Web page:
Cold. Skies gray and low after a week of storms. Won’t be much of a weekend.
But that’s mostly a hollow complaint, I guess. Every year it’s nice or it’s not and every year I’ve stopped here, no matter what, on my way home for Easter. I can’t tell you why exactly. The house has been empty my whole life. My cousin still used the barn off and on until last spring. For as long as I can remember, Great Granddad’s 2-up work harness, stiff, rotten, layered with sixty or seventy years of cobwebs, hung undisturbed on its hooks in the feed room.
This time there’s not much left at all. The yard and the driveway are overgrown waist deep in burdock and fireweed. The barn is a broken foundation filled with rain-soaked debris of its burning. Among the ashes are a handful of rusty buckles and rings and the charred driving bits from the old bridles. The house is a roofless ruin being salvaged for its full-cut lumber.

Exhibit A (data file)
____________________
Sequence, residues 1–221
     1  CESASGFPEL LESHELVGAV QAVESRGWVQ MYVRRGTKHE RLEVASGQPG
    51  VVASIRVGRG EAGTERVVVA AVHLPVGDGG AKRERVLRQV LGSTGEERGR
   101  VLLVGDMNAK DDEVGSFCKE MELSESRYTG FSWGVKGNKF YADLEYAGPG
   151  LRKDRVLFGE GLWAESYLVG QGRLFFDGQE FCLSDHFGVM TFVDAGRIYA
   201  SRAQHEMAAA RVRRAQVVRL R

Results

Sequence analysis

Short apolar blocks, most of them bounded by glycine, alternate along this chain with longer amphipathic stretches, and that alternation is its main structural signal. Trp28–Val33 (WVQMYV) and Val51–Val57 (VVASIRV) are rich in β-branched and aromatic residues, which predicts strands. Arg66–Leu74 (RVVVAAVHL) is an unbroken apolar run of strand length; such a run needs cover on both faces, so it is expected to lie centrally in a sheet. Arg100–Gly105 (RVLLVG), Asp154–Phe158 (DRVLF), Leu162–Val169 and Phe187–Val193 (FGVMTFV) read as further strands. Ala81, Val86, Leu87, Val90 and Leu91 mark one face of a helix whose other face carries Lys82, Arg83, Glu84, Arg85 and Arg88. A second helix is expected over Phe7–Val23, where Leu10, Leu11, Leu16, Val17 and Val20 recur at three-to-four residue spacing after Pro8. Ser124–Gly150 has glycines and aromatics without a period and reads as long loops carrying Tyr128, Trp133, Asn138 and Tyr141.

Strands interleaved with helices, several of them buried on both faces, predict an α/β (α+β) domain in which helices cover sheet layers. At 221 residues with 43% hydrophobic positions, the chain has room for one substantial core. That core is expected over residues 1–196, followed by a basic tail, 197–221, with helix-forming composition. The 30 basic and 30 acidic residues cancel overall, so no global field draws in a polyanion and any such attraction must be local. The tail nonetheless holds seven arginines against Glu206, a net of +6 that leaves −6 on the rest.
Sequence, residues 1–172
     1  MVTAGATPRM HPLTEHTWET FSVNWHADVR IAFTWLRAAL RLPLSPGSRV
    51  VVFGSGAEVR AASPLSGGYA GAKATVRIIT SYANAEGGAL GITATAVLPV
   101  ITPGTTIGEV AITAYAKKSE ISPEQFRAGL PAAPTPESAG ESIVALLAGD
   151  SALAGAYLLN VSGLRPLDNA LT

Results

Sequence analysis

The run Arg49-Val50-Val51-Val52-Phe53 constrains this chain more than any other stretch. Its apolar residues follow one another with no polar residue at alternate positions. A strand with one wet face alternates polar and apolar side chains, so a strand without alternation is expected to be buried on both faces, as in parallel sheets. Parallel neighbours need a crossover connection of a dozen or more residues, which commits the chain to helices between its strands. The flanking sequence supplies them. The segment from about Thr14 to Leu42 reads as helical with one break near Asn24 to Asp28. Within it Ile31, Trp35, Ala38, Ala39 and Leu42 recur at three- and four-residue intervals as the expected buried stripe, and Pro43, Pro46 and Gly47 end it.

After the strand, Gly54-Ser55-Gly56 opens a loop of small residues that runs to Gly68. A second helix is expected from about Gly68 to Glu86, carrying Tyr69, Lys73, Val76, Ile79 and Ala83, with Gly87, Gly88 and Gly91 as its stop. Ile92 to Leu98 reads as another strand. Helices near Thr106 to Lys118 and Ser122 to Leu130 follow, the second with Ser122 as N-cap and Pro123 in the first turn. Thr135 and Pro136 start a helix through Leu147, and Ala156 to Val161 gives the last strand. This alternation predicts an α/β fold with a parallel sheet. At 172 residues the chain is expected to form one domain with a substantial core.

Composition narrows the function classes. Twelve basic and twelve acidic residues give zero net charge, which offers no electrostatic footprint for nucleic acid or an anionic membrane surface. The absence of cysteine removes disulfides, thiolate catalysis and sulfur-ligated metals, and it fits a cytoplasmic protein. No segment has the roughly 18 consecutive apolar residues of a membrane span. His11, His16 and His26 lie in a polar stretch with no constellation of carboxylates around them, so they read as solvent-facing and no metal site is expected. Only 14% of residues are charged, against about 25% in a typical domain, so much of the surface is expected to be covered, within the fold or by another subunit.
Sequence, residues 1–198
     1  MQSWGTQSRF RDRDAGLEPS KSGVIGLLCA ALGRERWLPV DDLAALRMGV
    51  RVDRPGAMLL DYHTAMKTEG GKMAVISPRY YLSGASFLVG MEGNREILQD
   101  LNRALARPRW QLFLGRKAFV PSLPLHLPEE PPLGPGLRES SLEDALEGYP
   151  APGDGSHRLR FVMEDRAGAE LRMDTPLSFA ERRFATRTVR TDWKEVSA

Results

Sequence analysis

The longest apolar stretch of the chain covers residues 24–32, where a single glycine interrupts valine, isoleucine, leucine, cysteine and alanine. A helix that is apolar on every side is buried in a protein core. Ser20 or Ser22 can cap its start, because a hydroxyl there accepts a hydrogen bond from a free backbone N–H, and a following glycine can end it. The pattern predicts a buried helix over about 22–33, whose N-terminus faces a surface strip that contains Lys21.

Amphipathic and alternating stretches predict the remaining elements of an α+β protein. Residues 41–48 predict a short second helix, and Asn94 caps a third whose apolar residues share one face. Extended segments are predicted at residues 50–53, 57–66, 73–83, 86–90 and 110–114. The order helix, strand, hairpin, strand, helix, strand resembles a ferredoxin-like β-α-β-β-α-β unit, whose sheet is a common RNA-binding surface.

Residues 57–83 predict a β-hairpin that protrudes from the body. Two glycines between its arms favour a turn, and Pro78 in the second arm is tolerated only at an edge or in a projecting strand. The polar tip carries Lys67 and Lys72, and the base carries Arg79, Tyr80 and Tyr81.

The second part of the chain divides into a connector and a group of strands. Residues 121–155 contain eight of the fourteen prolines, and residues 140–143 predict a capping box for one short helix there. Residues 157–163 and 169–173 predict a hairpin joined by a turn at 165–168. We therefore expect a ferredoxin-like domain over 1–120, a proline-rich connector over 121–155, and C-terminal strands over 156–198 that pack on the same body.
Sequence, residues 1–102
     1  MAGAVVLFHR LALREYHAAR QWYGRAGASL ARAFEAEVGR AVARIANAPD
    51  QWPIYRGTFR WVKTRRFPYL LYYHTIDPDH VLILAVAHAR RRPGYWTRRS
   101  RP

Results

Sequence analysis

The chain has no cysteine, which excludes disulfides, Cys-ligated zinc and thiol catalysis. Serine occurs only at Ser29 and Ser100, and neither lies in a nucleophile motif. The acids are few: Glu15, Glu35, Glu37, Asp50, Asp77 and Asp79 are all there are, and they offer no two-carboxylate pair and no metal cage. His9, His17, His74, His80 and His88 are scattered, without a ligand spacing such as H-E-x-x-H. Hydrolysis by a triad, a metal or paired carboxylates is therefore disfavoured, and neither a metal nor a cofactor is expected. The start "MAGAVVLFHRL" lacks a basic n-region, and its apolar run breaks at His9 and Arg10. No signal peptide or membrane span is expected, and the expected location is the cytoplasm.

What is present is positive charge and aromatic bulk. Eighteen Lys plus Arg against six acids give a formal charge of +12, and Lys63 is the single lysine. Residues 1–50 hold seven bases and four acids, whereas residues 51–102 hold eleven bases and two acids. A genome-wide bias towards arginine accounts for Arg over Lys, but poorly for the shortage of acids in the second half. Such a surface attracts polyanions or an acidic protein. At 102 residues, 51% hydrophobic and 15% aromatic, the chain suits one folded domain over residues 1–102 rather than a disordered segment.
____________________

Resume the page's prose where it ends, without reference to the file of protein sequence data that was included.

On the front porch, an old journal, coverless and waterlogged, its entries in my great grandmother’s elegant script. Among a few still-legible fragments is one that bears a date: “November 1, 1897. Monday. A clear crisp day. Henry has gone to town to…” and the rest is washed out and
unreadable. Here I can’t help but remember that the iron bridge he would have used was pulled down ten years ago and all the ditch dikes are melting away. Now the old road dead-ends in a slough.
Across the fence, my cousin’s new tractor mired to the axles.
In the bottom pasture, Wolf Creek almost back in its banks.
Flooded fields— fish trapped in shallow pools.
spring, my vigil office.